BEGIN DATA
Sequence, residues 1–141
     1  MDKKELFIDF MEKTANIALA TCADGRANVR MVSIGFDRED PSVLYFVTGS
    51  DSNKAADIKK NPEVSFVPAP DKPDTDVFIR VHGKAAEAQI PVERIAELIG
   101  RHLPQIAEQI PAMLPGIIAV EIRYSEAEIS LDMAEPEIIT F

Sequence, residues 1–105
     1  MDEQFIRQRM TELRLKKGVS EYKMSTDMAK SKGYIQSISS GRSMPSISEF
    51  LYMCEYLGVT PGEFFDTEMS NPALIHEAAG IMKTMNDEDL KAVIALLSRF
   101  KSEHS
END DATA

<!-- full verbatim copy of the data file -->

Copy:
Sequence, residues 1–141
     1  MDKKELFIDF MEKTANIALA TCADGRANVR MVSIGFDRED PSVLYFVTGS
    51  DSNKAADIKK NPEVSFVPAP DKPDTDVFIR VHGKAAEAQI PVERIAELIG
   101  RHLPQIAEQI PAMLPGIIAV EIRYSEAEIS LDMAEPEIIT F

Sequence, residues 1–105
     1  MDEQFIRQRM TELRLKKGVS EYKMSTDMAK SKGYIQSISS GRSMPSISEF
    51  LYMCEYLGVT PGEFFDTEMS NPALIHEAAG IMKTMNDEDL KAVIALLSRF
   101  KSEHS